The bus that couldn’t slow down

Consider a solitary gold miner. 99% of the time spent in mining for gold is at the face, making incremental progress. A vein followed here, a dead end routed around there. Then there are those rare moments when the only way to make further progress is to make a lot at once – blow the face away to discover what lies beyond the blocked shaft.

Too tortured a metaphor? Perhaps. But keeping a software product going is a lot like this. Most of the time you’ll make progress in bits and pieces, and once in a while you’ll take a bigger jump. The following is a discussion of how the happy band of hackers at PipelineDeals took one of these jumps recently, and how our infrastructure and deployment setup made that possible without any customers noticing.

The road to here

A year and a bit ago, we were in a very different place. PipelineDeals was running Ruby 1.9.3, Rails 2.3 and we were using Jammit for asset compilation. Being on so ancient a version of Rails was the most pressing pain point – it locked us in to older versions of the gems we depend on, as well as stopping us ditching Jammit for the Rails asset pipeline. What we had worked well enough, but we knew we were living on borrowed time.

We had one goal:

Set up and use a repeatable process for major upgrades of pieces of our software stack, such that customers don’t even notice we did it.

That means no ‘Log out and login again’, no ‘clear your cache, please!’, and certainly no downtime (scheduled or otherwise). We decided that upgrading to Rails 3.0 will be our first big bite out of the technical debt sandwich, and it’s that instance I’ll be covering here.

Deployments: A new hope

We’ve blogged about our deployment strategy before – we love it and it gives us a ton of flexibility. Turns out that this flexibility is crucial to accomplishing what we set out to do. Because our infrastructure and deployment logic is just code, this repeatable process starts out with a pull request against our Ansible playbook repository.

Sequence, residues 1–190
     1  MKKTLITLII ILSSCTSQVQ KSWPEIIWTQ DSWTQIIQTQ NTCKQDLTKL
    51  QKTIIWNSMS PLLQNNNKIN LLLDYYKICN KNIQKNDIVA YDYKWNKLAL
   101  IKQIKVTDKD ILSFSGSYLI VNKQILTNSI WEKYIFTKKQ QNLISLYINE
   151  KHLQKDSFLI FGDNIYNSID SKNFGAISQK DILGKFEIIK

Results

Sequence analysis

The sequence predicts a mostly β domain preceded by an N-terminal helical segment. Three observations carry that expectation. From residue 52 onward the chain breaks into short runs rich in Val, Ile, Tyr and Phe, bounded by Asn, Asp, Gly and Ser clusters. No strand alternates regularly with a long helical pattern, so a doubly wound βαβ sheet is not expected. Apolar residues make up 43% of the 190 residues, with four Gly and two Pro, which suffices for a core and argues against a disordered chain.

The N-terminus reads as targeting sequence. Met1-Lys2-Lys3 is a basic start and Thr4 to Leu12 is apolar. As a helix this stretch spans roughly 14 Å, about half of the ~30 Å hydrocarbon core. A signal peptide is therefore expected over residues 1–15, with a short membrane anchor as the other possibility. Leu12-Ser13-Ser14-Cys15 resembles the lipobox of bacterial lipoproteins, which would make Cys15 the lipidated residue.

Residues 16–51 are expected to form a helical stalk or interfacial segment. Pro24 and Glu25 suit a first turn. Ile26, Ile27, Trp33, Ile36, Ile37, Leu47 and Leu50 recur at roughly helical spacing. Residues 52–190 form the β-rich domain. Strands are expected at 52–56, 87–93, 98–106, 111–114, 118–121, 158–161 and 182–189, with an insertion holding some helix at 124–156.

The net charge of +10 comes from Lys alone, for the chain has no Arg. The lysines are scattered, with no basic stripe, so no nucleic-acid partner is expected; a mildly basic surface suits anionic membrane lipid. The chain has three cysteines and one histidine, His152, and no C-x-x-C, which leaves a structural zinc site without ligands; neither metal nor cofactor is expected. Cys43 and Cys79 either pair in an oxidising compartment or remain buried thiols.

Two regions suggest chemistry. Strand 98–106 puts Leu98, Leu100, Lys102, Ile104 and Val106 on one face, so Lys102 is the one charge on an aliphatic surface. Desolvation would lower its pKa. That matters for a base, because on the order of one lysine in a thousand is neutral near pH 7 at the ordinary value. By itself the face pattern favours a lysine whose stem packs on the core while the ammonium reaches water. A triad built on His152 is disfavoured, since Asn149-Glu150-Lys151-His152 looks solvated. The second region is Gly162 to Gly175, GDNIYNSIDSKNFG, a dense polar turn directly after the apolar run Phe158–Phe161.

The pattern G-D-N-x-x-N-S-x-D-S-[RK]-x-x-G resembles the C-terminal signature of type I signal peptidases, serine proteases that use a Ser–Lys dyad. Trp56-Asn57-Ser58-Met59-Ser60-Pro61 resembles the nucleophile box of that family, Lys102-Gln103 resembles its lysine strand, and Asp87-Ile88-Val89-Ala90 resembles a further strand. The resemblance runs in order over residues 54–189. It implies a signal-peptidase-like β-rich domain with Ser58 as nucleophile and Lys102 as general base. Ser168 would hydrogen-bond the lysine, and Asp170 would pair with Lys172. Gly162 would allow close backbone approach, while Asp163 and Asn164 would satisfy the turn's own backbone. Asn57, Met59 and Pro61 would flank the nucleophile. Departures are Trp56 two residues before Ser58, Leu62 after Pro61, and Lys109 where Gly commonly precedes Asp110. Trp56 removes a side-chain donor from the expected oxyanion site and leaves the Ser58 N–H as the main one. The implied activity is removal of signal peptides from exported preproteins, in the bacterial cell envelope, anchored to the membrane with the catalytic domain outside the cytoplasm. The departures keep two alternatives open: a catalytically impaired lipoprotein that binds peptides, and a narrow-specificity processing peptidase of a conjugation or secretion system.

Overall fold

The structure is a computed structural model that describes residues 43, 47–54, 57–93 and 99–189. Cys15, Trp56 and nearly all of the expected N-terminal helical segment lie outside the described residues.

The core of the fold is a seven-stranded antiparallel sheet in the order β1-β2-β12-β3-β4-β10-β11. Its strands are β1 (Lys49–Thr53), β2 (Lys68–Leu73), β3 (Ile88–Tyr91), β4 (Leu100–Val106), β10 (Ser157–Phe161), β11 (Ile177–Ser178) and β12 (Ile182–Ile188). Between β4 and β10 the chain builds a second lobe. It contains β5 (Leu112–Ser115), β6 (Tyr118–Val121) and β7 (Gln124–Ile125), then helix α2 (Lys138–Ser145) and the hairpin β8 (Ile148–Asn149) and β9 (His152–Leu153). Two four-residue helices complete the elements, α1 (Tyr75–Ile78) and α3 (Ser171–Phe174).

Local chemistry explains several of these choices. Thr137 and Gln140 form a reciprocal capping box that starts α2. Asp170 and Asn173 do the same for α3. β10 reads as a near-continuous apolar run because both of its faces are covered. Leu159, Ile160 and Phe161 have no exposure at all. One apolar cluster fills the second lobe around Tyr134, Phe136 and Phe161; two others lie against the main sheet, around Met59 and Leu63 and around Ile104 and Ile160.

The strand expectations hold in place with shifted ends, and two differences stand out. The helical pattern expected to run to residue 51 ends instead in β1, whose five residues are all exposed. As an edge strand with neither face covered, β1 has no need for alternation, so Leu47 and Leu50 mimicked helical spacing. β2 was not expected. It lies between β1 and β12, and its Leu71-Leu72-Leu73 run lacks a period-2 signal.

Step 0: two lanes

We run two app servers behind our load balancer in production, pointing at app.pipelinedeals.com

Our infrastructure PR changes our deployment process so that our setup looks like this:

We’re now at a place where we can test rails3 under production by using rails3.pipelinedeals.com instead of app.pipelinedeals.com, noticing and fixing errors that occur exclusively under rails3 (using NewRelic), while regular deployments are not affected. Step 0 achieved. This feedback loop where we can dogfood our upgrade, making it available to ourselves and the rest of the company to harden before a real customer sees it is the heart of this process.

Step 1: get a job

Our app does a lot of background processing. Imports, exports, sending emails, bulk actions, etc. – there’s a lot going on outside of a user’s request-response cycle. Alongside our 2 app servers, our deployments also stand up 2 queue servers running sidekiq, which share a single redis instance to allow jobs to be executed on any machine. To be confident in our upgrade, we’ll need to send some jobs to a rails3 queue server to see what breaks. We add to our PR above, so that a build includes a queue server running the upgrade rails3 branch.

Step 2: (partial) showtime

We’ve de-risked the deploy to customers as much as we can, and now it’s time to go live. We do this with a small change: on deploy, we move the rails3 app server to the production load balancer alongside our other 2 app servers.

From now on, customers will have a 1 in 3 chance of their next request being served by a rails3 server. This is where the rubber meets the road, and we find out how good a job we did weeding out the bugs. Since every step in our deployment process is just a method call (invoking an ansible playbook under the hood), it only takes a few seconds to yank the rails 3 app server out of rotation if things go very wrong.

Step 3: Nothing to see here

By this time, we’ve had a few days to observe our upgrade under live traffic. This is where we’ll notice any lingering errors that occur infrequently or in our cron jobs. Once we’ve fixed all we’ve found and the error rates have fallen off, it’s time to party!

The cleanup is uneventful – we merge our branch into master and revert our ansible PR, taking us back to our single deployment path. A little automation goes a long way, and in our case gave us the flexibility to bite off only as much as we could chew.

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